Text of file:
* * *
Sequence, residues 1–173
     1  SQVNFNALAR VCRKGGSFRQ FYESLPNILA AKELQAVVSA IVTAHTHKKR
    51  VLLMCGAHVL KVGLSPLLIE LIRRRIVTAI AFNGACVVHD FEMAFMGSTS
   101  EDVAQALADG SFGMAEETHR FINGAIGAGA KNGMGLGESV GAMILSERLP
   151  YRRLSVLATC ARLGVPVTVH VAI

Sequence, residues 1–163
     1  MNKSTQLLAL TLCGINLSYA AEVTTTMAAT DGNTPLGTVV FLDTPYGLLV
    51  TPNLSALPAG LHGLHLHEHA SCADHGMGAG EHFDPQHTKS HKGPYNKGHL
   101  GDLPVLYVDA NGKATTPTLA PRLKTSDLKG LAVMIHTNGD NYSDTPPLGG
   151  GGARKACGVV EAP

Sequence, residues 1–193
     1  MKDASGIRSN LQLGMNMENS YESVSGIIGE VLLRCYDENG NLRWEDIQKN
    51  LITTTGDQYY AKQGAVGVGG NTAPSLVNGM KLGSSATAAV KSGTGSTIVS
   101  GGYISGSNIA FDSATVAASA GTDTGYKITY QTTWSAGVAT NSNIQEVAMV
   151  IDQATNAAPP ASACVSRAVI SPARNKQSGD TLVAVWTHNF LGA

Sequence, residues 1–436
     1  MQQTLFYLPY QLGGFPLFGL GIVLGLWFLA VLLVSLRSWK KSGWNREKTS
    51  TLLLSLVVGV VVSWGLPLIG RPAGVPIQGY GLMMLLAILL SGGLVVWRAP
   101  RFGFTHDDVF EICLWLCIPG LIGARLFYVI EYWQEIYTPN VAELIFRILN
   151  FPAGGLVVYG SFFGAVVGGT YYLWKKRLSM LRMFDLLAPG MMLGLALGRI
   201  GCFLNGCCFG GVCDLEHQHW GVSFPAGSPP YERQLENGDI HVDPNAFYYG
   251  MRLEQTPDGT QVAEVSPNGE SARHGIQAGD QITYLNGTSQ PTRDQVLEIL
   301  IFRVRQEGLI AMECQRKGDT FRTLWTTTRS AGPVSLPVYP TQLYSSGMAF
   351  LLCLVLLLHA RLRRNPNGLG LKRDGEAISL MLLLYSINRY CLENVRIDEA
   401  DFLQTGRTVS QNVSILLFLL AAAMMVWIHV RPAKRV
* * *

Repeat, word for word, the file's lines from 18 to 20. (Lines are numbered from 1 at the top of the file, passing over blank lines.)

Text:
    51  TLLLSLVVGV VVSWGLPLIG RPAGVPIQGY GLMMLLAILL SGGLVVWRAP
   101  RFGFTHDDVF EICLWLCIPG LIGARLFYVI EYWQEIYTPN VAELIFRILN
   151  FPAGGLVVYG SFFGAVVGGT YYLWKKRLSM LRMFDLLAPG MMLGLALGRI